Negotiate “buy” options. Use the company’s volume buying power to help negotiate lower-cost deals with vendors that allow your employees to lease or buy more gas-efficient vehicles. Vehicles might include scooters, electric segues, bikes, and compact or hybrid cars. (Note: there federal and in some cases state tax advantages associated with purchasing hybrid cars.)

Subsidize mass transit. Offer subsidies to individuals who use mass transit. Some government agencies provide tax advantages to firms that facilitate the use of mass transit (others provide penalties to those that don’t).

Increase Manager and Employee Participation

Corporations can take specific steps to encourage both individual managers and employees to participate in gas-saving options:

Measure and reward managers. Recognize those who are “commute cost” friendly; conduct an employee survey to identify the best.

Executive participation. Have the CEO and senior executives actively participate in company programs (i.e., participating in car pools, biking to work, or occasionally driving the company shuttle).

Gas incentives. Provide gas cards as incentives and rewards for top-performing employees and managers.

Miscellaneous Options

Conduct a survey and ask employees what they think you should be doing.

Benchmark other firms to see what else is possible.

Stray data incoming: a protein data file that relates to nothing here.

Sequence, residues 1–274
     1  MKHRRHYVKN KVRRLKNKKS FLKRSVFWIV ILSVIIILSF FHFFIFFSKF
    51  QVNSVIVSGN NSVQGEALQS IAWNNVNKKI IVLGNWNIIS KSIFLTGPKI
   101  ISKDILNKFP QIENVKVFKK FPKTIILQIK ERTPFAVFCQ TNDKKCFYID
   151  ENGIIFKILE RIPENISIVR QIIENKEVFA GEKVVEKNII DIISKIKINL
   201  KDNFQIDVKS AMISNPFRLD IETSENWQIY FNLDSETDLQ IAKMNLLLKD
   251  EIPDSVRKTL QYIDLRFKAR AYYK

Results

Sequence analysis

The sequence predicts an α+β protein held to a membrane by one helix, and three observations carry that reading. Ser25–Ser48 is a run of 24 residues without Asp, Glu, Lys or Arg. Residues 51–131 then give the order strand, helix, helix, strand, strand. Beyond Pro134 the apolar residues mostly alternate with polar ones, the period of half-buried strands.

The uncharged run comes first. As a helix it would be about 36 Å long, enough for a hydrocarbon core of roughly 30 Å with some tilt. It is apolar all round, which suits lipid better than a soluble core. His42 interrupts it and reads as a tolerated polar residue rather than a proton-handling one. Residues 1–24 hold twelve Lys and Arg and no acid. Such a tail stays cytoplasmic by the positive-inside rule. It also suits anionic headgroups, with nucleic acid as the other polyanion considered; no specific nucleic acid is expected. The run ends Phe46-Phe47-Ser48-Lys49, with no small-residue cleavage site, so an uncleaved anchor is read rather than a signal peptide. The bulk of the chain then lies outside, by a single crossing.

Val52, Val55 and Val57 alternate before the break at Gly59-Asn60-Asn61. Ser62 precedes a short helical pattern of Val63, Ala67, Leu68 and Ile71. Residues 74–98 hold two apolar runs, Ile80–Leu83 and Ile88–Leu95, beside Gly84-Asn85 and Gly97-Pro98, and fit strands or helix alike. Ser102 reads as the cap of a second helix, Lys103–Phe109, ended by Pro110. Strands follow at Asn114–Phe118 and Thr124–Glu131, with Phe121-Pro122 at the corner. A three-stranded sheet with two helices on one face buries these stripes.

Allow compacts, hybrids, and scooters to park closer to the building to send a message that you care about the environment.

Help them sell their gas-guzzler car or subsidize the purchase of fuel-efficient vehicles.

Add saving gas as a criterion for selecting new facility sites.

Consider reducing nepotism restrictions so that family members can work together and thus, commute together.

Provide Employees with Opportunities to Earn More Money

Because rising costs are essentially lowering your employees’ “real” standard of living, provide your employees with more opportunities to earn more money during these tough economic times:

Opportunity for overtime. Encourage managers to develop more opportunities for employees to work overtime to help them offset the rising cost of living.

Pay for performance. Offer increased opportunities for performance-based pay. Although giving employees “more money” is always a high-cost item, if any additional pay is based strictly on improved performance, both firms and employees can come out ahead.

Increase mileage allowance. The IRS has recently recognized a higher cost of gasoline by increasing the amount of reimbursement that it allows per mile traveled. Companies can help their employees by not waiting and increasing their mileage allotment immediately.

COLA. A final option to consider is offering your employees periodic cost-of-living adjustments. Sometimes this is necessary in order to decrease your employees’ need to look for a second job (or even a job at another firm) in order to meet their family needs.

Final Thoughts
As you can see, there are many options available to corporations. For the best impact, implement a comprehensive program with many elements. Not only will this approach have a larger impact on employees, but it also increases the odds of your effort receiving positive exposure.